It doesn’t only take an extremely sensitive dog to move towards their flight instinct over their fight instinct. In some situations that require your pup to figure out an escape, they may decide that actually escaping is their best plan. A dog in flight mode will run away and often hide until they feel it is safe to reappear again.


Freezing is the newer of these instincts, but it’s in no way lesser than fight or flight. When a body freezes, it is because the stress and fear have overwhelmed it to a point where it physically cannot move. The person or animal’s mind may dissociate, too, or they may be mentally present. One thing is for sure, they won’t be moving. It’s a terrifying instinct because your dog will lose control over their own body for a time, which can add to the fear they’re feeling.

When Do Fear Stages in Dogs Occur?

During the first year of your puppy’s life, they will experience one or two fear periods. They’re somewhat unpredictable, but knowing when a fear period coincides with a certain time in a puppy’s life can help you be prepared during those weeks.

Do note that not all young dogs experience these puppy fear periods, and others may experience them later in life.

The first puppy fear stage happens between 8 and 11 weeks of age, while the second can be anytime between the 6th and 14th months of their life.

Pembroke welsh Corgi reading a book

The First Fear Period

For puppies, the first fear period will take place before they are 3 months old if it’s going to happen at all. It will last between 2 and 3 weeks at some point after the puppy is 8 weeks old but before their 12th week.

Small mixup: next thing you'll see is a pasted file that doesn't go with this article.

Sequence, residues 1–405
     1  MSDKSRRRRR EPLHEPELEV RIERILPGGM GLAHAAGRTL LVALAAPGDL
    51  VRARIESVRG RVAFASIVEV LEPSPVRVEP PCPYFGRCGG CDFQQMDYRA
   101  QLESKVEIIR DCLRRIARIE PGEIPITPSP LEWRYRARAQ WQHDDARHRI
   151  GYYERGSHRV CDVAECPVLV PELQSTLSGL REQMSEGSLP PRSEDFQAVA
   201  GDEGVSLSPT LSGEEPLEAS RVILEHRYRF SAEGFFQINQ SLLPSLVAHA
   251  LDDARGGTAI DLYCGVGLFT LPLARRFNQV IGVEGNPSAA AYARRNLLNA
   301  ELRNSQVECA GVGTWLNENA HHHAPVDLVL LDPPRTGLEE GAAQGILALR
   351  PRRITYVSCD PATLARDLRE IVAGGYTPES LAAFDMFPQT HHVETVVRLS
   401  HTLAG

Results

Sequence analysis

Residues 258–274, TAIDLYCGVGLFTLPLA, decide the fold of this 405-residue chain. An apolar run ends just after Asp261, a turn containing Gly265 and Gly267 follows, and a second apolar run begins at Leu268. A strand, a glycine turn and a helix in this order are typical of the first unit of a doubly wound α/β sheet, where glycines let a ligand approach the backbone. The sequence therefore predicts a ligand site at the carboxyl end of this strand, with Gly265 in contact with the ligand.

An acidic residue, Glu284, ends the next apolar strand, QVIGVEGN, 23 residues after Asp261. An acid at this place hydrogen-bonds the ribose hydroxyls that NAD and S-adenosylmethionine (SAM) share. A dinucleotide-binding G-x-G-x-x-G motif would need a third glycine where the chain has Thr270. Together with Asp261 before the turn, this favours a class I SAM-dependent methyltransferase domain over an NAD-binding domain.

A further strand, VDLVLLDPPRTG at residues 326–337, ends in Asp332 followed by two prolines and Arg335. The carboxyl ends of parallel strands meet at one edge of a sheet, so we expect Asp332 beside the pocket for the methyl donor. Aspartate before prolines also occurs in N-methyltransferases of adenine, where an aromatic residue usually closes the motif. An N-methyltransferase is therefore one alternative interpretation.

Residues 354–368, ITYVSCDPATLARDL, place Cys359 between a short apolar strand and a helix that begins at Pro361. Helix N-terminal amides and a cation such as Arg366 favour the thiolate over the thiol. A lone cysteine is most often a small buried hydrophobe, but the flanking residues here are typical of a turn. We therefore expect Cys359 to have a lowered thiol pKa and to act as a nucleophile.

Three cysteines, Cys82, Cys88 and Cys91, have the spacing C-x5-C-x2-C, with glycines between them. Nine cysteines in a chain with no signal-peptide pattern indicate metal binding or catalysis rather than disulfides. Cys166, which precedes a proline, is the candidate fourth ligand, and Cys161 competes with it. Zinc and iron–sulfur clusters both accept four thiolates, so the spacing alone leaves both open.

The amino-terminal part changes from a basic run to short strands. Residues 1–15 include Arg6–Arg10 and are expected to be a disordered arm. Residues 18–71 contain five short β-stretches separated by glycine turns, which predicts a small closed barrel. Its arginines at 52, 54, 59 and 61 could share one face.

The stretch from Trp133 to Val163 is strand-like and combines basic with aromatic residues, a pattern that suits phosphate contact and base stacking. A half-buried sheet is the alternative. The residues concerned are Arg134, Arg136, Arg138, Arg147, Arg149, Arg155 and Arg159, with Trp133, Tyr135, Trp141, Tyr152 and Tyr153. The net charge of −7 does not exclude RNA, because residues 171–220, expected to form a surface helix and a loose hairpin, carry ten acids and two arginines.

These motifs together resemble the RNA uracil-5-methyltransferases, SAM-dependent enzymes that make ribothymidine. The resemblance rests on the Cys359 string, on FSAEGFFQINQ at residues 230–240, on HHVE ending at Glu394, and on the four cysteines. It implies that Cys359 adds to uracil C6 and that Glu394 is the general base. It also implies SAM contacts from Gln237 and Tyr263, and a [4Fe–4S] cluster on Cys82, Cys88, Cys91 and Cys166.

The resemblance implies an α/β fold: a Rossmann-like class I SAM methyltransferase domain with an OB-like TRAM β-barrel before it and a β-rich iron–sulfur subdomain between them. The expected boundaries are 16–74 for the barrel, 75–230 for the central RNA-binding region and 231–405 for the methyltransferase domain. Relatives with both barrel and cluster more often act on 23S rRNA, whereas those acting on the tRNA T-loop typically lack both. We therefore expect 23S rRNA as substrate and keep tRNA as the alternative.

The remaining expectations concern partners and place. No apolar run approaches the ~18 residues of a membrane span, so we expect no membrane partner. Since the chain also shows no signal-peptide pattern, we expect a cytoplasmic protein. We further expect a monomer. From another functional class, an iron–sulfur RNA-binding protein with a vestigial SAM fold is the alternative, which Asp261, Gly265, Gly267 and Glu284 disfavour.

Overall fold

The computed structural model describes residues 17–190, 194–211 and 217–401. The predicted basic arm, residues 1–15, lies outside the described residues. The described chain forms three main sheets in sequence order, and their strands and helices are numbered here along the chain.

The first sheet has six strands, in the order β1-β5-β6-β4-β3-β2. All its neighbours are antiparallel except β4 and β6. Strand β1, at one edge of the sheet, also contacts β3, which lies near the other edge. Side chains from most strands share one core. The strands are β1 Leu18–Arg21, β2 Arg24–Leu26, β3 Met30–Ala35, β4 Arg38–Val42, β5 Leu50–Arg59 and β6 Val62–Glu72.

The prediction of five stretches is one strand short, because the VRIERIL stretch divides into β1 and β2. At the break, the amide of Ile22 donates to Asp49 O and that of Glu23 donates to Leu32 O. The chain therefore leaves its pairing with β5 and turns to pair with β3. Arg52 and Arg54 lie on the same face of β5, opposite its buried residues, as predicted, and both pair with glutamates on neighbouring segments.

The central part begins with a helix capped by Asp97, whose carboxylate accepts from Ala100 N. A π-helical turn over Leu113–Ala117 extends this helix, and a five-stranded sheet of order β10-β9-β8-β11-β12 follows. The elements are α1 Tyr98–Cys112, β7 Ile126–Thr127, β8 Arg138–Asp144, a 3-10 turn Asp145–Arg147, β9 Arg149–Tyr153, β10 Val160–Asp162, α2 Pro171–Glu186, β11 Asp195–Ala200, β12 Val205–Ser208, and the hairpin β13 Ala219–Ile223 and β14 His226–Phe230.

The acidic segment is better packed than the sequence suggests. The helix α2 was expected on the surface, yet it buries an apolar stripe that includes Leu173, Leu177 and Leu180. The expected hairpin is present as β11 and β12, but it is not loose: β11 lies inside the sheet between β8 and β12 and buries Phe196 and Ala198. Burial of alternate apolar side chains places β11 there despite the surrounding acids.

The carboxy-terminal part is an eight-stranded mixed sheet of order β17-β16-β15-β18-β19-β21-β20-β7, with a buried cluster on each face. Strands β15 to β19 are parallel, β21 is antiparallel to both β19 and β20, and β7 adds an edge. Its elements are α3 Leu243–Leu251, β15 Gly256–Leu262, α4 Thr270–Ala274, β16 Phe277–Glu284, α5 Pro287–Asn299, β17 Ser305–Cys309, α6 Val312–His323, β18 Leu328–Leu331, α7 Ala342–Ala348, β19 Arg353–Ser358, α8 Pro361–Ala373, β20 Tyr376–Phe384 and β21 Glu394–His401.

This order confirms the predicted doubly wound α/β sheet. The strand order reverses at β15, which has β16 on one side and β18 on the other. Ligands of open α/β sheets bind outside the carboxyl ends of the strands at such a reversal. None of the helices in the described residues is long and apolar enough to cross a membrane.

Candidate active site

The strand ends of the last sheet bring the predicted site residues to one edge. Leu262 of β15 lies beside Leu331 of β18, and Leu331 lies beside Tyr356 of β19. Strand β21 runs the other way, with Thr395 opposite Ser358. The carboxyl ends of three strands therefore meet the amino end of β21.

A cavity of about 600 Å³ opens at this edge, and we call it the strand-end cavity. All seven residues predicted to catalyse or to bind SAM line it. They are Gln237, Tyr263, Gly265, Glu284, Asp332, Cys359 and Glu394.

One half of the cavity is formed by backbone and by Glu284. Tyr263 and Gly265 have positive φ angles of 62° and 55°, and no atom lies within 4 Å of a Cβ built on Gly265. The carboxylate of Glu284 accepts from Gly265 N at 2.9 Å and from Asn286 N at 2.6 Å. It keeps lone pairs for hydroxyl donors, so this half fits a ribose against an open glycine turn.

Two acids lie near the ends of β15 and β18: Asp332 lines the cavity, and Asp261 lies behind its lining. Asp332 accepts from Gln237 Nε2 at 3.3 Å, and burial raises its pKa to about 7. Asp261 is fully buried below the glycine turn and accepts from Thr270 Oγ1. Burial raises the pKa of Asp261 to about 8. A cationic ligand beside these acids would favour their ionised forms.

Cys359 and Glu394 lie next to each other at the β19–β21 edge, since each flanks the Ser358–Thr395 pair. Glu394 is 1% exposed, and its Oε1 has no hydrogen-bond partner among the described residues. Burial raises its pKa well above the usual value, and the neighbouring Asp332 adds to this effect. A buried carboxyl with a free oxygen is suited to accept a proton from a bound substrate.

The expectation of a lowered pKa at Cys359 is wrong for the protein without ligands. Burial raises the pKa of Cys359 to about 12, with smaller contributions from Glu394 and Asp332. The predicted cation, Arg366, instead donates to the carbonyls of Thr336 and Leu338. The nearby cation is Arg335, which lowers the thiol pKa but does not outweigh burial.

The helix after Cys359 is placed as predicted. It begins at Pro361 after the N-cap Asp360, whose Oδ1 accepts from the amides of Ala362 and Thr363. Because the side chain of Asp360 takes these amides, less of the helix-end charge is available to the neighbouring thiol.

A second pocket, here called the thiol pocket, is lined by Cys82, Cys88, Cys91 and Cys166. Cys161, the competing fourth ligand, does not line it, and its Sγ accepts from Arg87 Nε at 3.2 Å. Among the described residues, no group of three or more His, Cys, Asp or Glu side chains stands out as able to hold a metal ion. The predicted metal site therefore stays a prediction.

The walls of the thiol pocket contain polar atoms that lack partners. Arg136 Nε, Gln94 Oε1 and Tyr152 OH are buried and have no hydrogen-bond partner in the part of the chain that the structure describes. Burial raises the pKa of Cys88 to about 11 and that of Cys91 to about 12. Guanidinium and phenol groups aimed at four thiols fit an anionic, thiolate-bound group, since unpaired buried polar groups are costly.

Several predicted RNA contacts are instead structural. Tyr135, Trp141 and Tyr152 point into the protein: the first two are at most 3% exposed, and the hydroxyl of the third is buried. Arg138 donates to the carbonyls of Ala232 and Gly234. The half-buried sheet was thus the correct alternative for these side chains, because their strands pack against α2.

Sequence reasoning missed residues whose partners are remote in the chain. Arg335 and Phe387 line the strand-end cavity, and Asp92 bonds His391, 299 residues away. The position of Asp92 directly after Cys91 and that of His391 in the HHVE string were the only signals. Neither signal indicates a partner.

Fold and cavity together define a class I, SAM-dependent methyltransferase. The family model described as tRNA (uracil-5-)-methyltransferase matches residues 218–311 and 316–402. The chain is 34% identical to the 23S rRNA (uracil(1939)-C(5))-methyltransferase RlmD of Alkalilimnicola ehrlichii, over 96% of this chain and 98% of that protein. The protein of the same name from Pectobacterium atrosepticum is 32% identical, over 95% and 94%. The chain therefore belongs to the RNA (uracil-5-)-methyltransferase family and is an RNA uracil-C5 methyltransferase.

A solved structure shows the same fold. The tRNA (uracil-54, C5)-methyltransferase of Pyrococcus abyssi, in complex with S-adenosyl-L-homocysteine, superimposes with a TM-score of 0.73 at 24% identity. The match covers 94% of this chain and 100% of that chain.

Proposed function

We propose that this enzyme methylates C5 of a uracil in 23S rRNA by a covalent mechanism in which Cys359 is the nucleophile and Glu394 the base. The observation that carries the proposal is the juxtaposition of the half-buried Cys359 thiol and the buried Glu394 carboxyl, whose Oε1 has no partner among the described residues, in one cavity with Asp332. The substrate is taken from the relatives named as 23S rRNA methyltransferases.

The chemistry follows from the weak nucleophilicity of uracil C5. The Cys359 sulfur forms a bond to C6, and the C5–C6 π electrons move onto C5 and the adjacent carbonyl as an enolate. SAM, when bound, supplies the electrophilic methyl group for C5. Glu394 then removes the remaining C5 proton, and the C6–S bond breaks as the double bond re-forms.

It’s an unfortunate time in a dog’s life to have a fear period because it’s the exact window where puppies are usually separated from their littermates and their mother. Early socialization can help with some of the fear, but part of the reason that dogs are so scared when they first enter a new home is because of this first period of fear.

As their owner, you should endeavor to give your puppy as many positive associations with their surroundings as you can. From your puppy’s perspective, they’ve gone from a safe environment with other dogs from their litter to a strange, new home where they are completely unfamiliar with everything and everyone. And as if that wasn’t enough, their brain is telling them to be scared of everything.

This fear period will be a defining event for your little dog. It’s a big deal! Proper puppy development relies on them having good socialization, a safe environment, and the right kind of training – whether that’s in-person or online dog training.

What you can expect to see in this particular developmental stage:

  • Fearful behaviors
  • A puppy who acts afraid of everything
  • Your dog being easily stressed or startled
  • Barking
  • Retreating from objects or people
  • Hiding
  • The Second Fear Period

Now, this second fear period takes place when your dog is a bit older. They aren’t a young puppy anymore, but they haven’t quite reached adulthood or they might be just on the cusp of their first birthday. Between 6 and 14 months, your dog will have their second of the two puppy fear stages.